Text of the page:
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European Law Monitor newsReform treaty finalised in Lisbon

After months of intensive work, the text of the EU reform treaty was finalised at the informal Lisbon summit held last week.

An instrument to deliver policies for the 21st century, as president Barroso described it, the reform treaty introduces several changes to the way in which the EU functions.

"We need the reform treaty to give our citizens a strong Europe with an enhanced capacity to act," explained president Barroso.

The reform treaty makes decision-making more efficient, increases democratic control and enhances the external coherence of the Union.

It allows the Union to take new initiatives on climate change and energy policy. The charter of fundamental rights will be legally binding, and for the first time, the public will have the right to request that the Union proposes legislation on a specific area. The role of national parliaments and the European parliament will be strengthened.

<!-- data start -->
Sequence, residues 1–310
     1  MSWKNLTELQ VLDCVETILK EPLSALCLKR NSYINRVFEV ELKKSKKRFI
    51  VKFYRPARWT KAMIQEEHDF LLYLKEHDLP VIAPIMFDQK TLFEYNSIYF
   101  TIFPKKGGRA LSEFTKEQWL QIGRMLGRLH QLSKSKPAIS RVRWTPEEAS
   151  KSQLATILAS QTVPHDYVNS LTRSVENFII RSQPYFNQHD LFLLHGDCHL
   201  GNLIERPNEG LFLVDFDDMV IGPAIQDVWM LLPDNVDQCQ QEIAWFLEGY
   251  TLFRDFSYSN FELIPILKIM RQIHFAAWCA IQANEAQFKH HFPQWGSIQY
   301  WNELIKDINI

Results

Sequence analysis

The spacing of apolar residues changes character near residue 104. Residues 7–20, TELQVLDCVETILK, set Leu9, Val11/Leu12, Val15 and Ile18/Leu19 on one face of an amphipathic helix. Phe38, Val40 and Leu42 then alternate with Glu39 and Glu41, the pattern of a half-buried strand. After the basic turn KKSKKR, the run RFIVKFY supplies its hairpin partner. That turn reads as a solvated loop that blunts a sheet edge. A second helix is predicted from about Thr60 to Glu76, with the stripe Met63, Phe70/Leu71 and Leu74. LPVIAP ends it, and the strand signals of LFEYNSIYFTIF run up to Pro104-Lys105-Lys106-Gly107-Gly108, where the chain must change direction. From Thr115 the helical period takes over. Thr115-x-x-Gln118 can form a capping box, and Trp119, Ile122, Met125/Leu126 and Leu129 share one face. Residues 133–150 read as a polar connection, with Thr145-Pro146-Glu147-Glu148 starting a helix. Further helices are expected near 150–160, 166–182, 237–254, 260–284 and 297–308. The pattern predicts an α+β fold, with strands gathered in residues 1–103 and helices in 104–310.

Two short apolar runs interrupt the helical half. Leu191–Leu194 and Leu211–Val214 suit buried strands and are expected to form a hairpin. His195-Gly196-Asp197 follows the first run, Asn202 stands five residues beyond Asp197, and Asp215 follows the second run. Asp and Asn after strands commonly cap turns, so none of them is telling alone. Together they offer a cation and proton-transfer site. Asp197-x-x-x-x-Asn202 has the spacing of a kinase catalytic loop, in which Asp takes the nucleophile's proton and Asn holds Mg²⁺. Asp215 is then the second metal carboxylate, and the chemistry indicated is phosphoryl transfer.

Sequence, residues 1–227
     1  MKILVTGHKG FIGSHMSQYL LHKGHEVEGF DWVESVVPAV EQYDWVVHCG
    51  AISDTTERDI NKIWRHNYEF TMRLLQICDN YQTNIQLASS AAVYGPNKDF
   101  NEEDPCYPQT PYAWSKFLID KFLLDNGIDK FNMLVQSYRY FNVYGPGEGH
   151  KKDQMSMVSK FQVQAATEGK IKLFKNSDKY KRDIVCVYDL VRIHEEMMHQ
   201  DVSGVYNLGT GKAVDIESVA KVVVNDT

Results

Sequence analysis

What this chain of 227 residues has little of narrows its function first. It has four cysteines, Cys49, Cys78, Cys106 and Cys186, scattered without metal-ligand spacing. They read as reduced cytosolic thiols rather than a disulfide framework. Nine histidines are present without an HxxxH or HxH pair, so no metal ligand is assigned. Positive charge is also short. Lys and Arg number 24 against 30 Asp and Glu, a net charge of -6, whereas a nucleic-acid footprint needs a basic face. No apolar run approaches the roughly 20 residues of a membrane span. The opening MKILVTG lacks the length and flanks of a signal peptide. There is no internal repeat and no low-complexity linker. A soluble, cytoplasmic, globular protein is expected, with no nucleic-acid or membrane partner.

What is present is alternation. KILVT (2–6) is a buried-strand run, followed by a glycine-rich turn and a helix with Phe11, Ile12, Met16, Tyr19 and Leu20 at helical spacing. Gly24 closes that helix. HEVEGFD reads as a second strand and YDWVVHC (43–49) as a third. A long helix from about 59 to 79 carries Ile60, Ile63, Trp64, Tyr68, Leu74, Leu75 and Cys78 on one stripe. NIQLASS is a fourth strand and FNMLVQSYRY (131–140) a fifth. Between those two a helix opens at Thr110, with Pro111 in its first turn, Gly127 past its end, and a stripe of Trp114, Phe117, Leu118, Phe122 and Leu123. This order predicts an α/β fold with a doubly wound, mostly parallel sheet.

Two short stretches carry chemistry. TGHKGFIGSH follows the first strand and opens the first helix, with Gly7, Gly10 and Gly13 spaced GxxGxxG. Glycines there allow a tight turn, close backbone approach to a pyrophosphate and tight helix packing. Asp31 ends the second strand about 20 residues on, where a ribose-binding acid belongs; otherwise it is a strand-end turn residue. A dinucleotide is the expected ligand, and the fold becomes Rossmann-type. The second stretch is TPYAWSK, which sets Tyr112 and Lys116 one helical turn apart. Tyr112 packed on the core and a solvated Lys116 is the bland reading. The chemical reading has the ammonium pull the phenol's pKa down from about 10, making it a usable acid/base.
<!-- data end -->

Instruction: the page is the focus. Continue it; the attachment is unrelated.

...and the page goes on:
Other changes include the new position of a president of the European council and a high representative / vice president of the commission • enabling the Union to speak on external affairs with one clear voice.
"We have spent six years discussing institutional architecture. It is time to move on", said Mr Barroso, describing the text as the best deal on offer.

The informal summit also discussed Europe's response to globalisation. President Barroso concentrated on two specific issues: turbulence on the financial markets and climate change.

The Lisbon growth and jobs strategy is working, "But we can still do more. For example: boosting innovation; moving towards flexicurity in labour markets and delivering on energy targets," said Mr Barroso.